Film Score: Christopher Young Cinematography: Anastas N. Michos
Starring: Diane Lane, Billy Burke, Colin Hanks and Mary Beth Hurt
The Net, to understand. Fortunately, Untraceable was filmed deep into the first decade of the new millennium and so the issue isn’t quite as obvious. It’s there, but it can be overlooked. Though one of my causes is promoting films by Portland directors, this isn’t one of them. It’s simply a Hollywood project filmed in Portland, but that in itself was interesting enough to check it out. In many ways it’s a fairly derivative story, a serial killer who murders his victims online instead of the delayed gratification of reading about them in the newspapers or seeing them on the TV news. But it’s essentially the same idea. I was also drawn to the film by a couple of actors, Colin Hanks, who had a brief but memorable role in the HBO series, Band of Brothers, and one of my favorite actresses, Mary Beth Hurt. Billy Burke is a new face for me, since I don’t watch the Twilight films, but being born in Bellingham, Washington, he’s sort of a local. Director Gregory Hoblit, on the other hand, is a Hollywood veteran who began in television and has since moved on to helm some very good second-tier suspense films like Frequency and Primal Fear. And he does a solid job with this story as well, though as in all of his films the screenplay is the weakest link.
The film opens on a high-tech video lab, with an unidentified man setting up a scene at the bottom of what looks like basement stairs to trap a cat. The scene then cuts to a rain-drenched street in Portland, Oregon. FBI agent Diane Lane grabs her backpack and heads into the Federal Building, where all kinds of computer analysts are at work investigating cyber crimes. Colin Hanks is a fellow agent who gets her up to speed on a recent case, but at the same time she gets a note from the Portland police about another site they want her to look at. She goes to the website and sees the cat stuck to a strong adhesive and apparently is going to die there for entertainment. Lane lives with her mother, Mary Beth Hurt, and her daughter, Perla Haney-Jardine. She checks the website before she goes to bed and discovers that the cat is dead. The fact that the site is local is not, according to Lane, a coincidence, but the head of the division, Peter Gray Lewis, feels there are more important crimes to be investigating. Then, in the parking lot at a hockey game, a fan lured by the prospect of a cheap online ticket is Tasered and pulled into a van. When he suddenly appears on the site, things get serious. While the Bureau handles the tech side of the crime, Billy Burke is the Portland homicide detective who deals directly with the witnesses, in this case the wife of the hockey fan.
The software the killer is using bounces the IP address around to servers all over the world, so the Lane and Hanks have no idea how to trace him. Jesse Tyler Ferguson, from Modern Family before that show began, is arrested but he has an alibi, and before long another victim is captured and the killer is revealed as Joseph Cross. Ultimately it’s his local connections that allow the detectives to find a way in, especially after he comes after Lane and her family. It’s a strange role for Diane Lane because of the way she seems detached from everything, her work, her daughter, her mother, even the crime itself. She had so much fire in her belly in The Perfect Storm, and while there are personal reasons for her character in the film that might explain her behavior, it’s yet another reason the film is unable to live up to its potential. The movie is competently filmed by Hoblit and his cinematographer Anastas Michos, including an abundance of really nice overhead shots, but it’s the screenplay that keeps the film from rising anywhere above merely interesting. And there are some incredibly bad lines in it, mostly delivered by Hanks. One groaner has him talking about the hockey fan who is bleeding out onscreen when he says, “It’s too bad this guy wasn’t a Boy Scout, he could just bleed Morse code and tell us where he is.” Even though this is a plot point that comes up later, it seems incredibly insensitive in the moment. And then, when the hockey fan dies, Hanks shakes his head and says, looking at his computer screen, “It’s a jungle in there.”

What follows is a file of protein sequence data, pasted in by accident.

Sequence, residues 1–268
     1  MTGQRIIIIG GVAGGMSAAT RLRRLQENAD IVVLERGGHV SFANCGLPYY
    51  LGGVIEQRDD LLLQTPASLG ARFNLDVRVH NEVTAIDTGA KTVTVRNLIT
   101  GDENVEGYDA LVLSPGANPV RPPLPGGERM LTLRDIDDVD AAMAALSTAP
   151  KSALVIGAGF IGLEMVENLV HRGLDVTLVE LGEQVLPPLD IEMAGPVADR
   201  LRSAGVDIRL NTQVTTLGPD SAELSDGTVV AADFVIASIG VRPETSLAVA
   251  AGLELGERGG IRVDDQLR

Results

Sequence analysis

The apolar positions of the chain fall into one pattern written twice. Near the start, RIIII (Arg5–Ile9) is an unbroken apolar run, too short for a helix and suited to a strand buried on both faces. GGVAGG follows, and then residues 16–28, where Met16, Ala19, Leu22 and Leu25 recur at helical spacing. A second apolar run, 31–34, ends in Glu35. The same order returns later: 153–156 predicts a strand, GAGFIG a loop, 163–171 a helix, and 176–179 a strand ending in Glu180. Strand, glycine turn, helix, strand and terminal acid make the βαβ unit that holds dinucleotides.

The music by Christopher Young in the opening credits attempts to set the mood by replicating John Carpenter’s piano music from Halloween, but the score is pretty forgettable other than that. The color manipulation of the film is done to replicate a Hollywood version of a Pacific Northwest winter, and it looks pretty good. The streets are always wet and the cloud cover is an icy gray, with a blue-tinged palate in very sharp focus to represent the cold snap the city is having in the story. Most of the interiors were constructed in Clackamus, southeast of Portland, while the exteriors were filmed at iconic spots in the city. In assessing it overall it can’t really be called a bad film, because it does hold interest all the way through. But that’s about the best that can be said for it. The screenwriters seem as if they’re trying to generate a relationship between Buke and Lane, but that never really comes off. They also make Hanks out to be a sort of an oblivious FBI agent, which doesn’t really work either. The film received decidedly mixed reviews, which makes sense. There’s nothing really unique about the story, and the acting is only average, but ultimately Untraceable is watchable, with just enough to keep it interesting. Just make sure you watch it on cable TV rather than paying for the privilege.